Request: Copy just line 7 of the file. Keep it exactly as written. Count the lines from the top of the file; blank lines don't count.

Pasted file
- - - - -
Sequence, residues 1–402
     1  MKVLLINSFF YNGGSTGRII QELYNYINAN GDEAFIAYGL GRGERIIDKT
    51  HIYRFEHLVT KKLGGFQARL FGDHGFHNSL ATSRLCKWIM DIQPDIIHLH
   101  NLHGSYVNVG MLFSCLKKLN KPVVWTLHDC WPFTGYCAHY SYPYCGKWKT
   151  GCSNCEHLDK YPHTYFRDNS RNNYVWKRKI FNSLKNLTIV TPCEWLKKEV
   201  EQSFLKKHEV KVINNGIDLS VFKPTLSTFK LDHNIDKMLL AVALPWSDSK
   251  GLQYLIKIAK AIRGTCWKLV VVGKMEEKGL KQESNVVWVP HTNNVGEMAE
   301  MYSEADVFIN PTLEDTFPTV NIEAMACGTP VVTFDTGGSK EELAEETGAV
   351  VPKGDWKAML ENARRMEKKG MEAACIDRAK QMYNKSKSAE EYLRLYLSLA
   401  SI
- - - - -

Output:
   251  GLQYLIKIAK AIRGTCWKLV VVGKMEEKGL KQESNVVWVP HTNNVGEMAE